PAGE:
Mac is Tired

I was excited when Rosie stood on the pew and whispered into my ear, “Mac comes today.”

Indeed, it was true.  Susie met Phyllis in Greensboro at a lunch place.  They had made an arrangement to hand Mac off, to share the driving and accommodate everyone’s schedule.

She’ll be at our home through Wednesday afternoon (back in time for the game.)

When I got back, later on Sunday, from a 43-mile ride that made me more familiar with my limitations, Mac was in our living room, monitoring a game of Monopoly.

“I will trade Rosie a dark green for a purple,” John says.  If you know Monopoly, then you realize the problem with this transaction.  It is like predatory lending.  Someone has to keep people from being hurt.  In this case, it is John who wants to make a foolish transaction.

“Oooh,” says Mac, “Pennsylvania for Baltic.  I don’t know if you should do that, little boy.”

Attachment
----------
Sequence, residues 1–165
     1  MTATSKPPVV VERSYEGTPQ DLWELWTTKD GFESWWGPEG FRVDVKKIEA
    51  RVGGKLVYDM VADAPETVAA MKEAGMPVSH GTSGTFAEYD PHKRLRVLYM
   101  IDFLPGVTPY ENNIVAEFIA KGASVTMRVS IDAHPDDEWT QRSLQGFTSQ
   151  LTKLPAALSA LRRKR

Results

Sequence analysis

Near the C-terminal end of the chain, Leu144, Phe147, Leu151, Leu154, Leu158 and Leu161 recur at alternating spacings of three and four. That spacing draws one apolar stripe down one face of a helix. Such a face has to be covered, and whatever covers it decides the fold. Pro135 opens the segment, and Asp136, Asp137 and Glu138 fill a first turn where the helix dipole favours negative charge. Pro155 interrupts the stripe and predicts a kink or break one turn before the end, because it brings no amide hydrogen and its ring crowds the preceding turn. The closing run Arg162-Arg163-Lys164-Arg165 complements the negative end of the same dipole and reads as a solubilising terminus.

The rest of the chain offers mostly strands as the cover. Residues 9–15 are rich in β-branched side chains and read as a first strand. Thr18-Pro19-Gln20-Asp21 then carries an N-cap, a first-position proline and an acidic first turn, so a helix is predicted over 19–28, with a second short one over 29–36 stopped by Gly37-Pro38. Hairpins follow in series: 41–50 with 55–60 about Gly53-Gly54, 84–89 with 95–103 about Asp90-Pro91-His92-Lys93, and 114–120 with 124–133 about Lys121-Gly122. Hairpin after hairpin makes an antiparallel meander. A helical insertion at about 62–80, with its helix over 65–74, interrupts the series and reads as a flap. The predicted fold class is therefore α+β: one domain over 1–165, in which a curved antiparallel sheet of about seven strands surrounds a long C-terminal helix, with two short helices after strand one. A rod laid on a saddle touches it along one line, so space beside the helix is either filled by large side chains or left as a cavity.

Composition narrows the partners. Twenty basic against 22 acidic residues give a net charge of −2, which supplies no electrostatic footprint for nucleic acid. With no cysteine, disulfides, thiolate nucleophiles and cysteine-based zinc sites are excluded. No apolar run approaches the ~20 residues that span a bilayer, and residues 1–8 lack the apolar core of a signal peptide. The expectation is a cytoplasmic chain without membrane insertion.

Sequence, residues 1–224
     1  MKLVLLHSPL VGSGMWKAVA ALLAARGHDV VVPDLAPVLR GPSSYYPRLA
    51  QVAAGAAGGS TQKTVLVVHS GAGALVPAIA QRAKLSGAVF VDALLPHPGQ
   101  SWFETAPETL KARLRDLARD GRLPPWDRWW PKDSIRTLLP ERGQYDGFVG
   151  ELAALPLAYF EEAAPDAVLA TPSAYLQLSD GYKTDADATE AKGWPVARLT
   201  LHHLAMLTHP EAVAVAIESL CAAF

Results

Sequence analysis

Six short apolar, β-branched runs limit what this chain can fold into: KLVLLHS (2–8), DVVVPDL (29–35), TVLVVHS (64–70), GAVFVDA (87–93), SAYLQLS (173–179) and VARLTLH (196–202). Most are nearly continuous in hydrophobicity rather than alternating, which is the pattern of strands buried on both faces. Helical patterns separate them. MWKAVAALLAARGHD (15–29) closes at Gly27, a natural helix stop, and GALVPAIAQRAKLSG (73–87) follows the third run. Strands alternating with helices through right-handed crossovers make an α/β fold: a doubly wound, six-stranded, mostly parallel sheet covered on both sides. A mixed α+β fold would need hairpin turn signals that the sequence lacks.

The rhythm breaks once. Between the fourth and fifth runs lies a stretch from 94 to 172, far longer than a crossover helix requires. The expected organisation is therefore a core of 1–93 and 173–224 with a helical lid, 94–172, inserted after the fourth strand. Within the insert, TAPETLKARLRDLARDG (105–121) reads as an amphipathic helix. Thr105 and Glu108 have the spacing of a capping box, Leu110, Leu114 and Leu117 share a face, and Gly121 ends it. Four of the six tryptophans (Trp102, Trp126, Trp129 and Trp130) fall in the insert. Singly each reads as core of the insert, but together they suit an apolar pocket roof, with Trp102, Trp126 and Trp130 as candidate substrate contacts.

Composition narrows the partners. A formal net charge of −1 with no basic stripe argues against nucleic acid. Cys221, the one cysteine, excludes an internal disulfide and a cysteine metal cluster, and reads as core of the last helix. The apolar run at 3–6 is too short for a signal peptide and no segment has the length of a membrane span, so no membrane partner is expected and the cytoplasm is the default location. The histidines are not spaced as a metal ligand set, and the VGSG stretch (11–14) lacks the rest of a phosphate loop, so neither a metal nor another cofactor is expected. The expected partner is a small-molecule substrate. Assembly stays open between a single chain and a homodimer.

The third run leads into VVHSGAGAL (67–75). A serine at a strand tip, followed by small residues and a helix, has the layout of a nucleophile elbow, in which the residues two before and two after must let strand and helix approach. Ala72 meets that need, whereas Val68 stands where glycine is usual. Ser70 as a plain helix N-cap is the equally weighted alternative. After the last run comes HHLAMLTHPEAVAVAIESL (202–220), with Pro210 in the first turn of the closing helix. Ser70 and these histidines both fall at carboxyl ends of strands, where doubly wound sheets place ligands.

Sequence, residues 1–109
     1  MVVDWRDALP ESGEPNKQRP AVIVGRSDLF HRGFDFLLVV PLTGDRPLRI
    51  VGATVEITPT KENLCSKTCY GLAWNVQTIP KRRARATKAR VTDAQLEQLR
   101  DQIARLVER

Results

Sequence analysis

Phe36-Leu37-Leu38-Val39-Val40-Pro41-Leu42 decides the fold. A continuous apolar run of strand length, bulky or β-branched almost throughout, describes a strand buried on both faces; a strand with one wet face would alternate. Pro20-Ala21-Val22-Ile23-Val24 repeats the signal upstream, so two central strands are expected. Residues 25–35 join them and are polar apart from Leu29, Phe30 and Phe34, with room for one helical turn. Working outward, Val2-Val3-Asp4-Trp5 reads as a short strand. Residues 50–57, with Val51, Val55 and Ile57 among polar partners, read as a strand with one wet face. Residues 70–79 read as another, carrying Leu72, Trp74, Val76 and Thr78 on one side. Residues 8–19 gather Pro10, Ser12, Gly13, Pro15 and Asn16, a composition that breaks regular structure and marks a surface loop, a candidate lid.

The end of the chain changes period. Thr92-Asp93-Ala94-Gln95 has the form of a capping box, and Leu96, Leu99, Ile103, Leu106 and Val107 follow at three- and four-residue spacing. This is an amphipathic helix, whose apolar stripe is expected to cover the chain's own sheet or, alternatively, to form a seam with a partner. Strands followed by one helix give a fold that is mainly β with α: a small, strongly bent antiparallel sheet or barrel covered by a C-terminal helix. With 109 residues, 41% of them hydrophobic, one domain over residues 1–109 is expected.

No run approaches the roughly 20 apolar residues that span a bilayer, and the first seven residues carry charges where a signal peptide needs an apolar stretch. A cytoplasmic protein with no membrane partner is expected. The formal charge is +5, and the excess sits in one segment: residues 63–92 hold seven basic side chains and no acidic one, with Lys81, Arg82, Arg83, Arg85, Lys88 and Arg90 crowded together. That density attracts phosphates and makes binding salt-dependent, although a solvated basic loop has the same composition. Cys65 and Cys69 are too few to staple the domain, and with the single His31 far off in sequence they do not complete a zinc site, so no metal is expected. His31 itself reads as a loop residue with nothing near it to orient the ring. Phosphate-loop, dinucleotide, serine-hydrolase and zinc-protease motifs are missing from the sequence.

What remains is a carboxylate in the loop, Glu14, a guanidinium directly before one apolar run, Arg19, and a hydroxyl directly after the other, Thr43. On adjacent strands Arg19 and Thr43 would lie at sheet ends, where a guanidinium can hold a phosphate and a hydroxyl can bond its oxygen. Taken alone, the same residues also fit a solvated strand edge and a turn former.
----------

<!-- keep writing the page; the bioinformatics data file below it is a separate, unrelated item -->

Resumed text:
Mac folds her arms and looks out the window as she says it.  I am thinking that she has great patience to sit and mediate.  Then again, it could be that she is merely unable to get away from our large pink couch.  It is deep.  It can swallow even the sturdiest back.

Either way, monitoring the game is a good job for an adult.  For a Mac.

This evening, I’m again the one out and about.  I get back and its story time. Rosie is trying to read about the Tortoise and the Hare.  John is reading to Mac.  Yet Rosie is livid, she’s been waiting for Mac to read for ten minutes and that never panned out.

“Forget about it,” Rosie says, throwing her heels down upon the bed.  It’s a lot of madness in 28 pounds, made all the more daunting by being cloaked inside a Superman costume.

Mac is tired.  She was browning some onions, and that wore her out.  And, earlier, she was on the phone.  Walking down the steps from the driveway in the back wore her out, too.

I think what we are witnessing are the differing reactions to Mac’s condition among our children.  John is older.  He has spent more time with Mac.  He has more maturity.

Rosie can’t remember Mac from two years ago.  She’s just discovering her right now.  And, what she discovered even a month ago isn’t all there anymore.  Rosie had a bad nightmare last night.  She was crying that her mother was sick. She really doesn’t want to play with Mac anymore.  She wants to be left alone by the whole situation.

I think, maybe, that Rosie is crying about Mac.

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